When word came from Haiti this week, the world stopped for a brief second and cried. A city lay in ruin and countless people are dead or injured. Others will starve, die of exposure, or of infection. The poorest nation on the planet had been dealt a blow inadequately described "severe." What do we do?

First, for many of us, we begin to pray. We pray for help; we pray for the victims; we pray for the brave volunteers already "on the ground"; we pray for a world to do more than just stop for a shocked moment--we pray for action, globally, from governments and money people, from armies to health care workers.

Secondly, we can send money. If you are part of a faith community, you can send contributions through your relief agency. For United Methodists, that is the United Methodist Committee on Relief, or UMCOR. Their website is at www.umcor.org . Catholic Charities, Lutheran Service Society--they will all be mobilizing to help Haiti over the coming weeks. The Red Cross is already present. Many mission societies and organizations such as World Vision International (www.worldvision.com) are responsible groups available to receive your sacrificial contribution to speed aid on the way.

Thirdly, we encourage persons to consider joining a short-term mission or aid team, which will be needed when the dust settles. If this interests you, start now to get your passport activated if you haven't traveled internationally for awhile. Check to see what immunizations you will need--get ready. Your local church or judicatory will be sending teams, as will many other secular organizations. If you have the kind of skills that could be helpful, get yourself ready. Also, your church may be collecting supplies for "health kits" or the like to send through relief agencies. Get on board with that, if you are not the kind to jump on a plane.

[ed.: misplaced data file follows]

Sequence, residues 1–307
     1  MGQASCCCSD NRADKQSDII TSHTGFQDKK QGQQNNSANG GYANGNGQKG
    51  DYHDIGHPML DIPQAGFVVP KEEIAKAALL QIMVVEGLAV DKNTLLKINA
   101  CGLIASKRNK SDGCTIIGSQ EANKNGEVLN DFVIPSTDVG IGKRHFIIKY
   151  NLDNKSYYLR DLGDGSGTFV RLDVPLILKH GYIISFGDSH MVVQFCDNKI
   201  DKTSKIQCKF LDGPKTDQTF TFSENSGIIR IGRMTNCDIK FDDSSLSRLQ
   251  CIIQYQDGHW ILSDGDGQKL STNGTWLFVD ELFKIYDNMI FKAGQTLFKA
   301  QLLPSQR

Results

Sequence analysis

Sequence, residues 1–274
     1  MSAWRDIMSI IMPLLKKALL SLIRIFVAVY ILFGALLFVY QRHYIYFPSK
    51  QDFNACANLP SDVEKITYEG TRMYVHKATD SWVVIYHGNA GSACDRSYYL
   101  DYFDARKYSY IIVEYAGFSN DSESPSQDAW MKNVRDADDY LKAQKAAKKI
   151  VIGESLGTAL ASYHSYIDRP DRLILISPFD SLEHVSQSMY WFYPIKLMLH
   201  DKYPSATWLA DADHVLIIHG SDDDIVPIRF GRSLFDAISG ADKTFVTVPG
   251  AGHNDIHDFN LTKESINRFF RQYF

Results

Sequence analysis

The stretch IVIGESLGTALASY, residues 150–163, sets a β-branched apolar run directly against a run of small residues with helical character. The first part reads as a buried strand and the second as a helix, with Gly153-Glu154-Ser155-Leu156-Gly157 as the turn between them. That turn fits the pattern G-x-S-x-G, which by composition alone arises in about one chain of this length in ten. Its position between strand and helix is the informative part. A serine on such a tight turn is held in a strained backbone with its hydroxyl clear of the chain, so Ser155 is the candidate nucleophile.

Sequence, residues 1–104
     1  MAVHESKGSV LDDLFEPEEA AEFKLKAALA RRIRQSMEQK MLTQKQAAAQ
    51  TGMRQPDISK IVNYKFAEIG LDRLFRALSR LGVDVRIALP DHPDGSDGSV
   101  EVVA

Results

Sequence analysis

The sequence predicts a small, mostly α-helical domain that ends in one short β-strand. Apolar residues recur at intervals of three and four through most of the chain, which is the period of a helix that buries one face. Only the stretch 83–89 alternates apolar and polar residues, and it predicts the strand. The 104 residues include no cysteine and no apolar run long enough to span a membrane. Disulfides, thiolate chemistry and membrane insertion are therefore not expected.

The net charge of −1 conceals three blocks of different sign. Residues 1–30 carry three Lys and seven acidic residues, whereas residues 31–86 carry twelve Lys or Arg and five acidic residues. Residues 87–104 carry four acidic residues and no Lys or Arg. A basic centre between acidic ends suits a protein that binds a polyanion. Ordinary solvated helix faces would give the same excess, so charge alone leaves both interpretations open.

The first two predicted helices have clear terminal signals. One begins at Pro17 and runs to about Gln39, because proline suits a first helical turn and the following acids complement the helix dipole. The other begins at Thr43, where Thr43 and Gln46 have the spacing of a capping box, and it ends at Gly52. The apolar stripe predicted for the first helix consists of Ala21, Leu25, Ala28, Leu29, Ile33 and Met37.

Finally, stay informed. Know what the needs are as they emerge over the coming weeks and see if you, your family, or the organizations with which you are affiliated can do anything to help.

If, as a person of faith or just spiritually curious, you are tempted to ask the "why" question, visit Dr. Eric Park's blog at www.ericpark.org . He has a wonderful and theologically sound posting there to help you work through the rough spots. Bottom line: ask less about "why?" and more about "what can we do?" It will do your soul good.

Where is the triumph in this? It will only be what we can put together by pulling together to help these poor souls who are our brothers and sisters in the human family. If you have ever been tempted to ask, like the guy in the gospel asked Jesus, "Who is my neighbor?", here's your answer. We, with God's help and the deep-reaching love of neighbors helping neighbors, may be able to build a triumph out of tragedy. It will take time, it will require much prayer, sacrifice, and action. But it can happen. And after Haiti has been rebuilt, shored-up, and strengthened, let us not again turn our backs on a poverty-stricken neighbor until disaster strikes.

May God's mercy and grace be with the people of Haiti. Shalom, beloved.

Dr. Jeff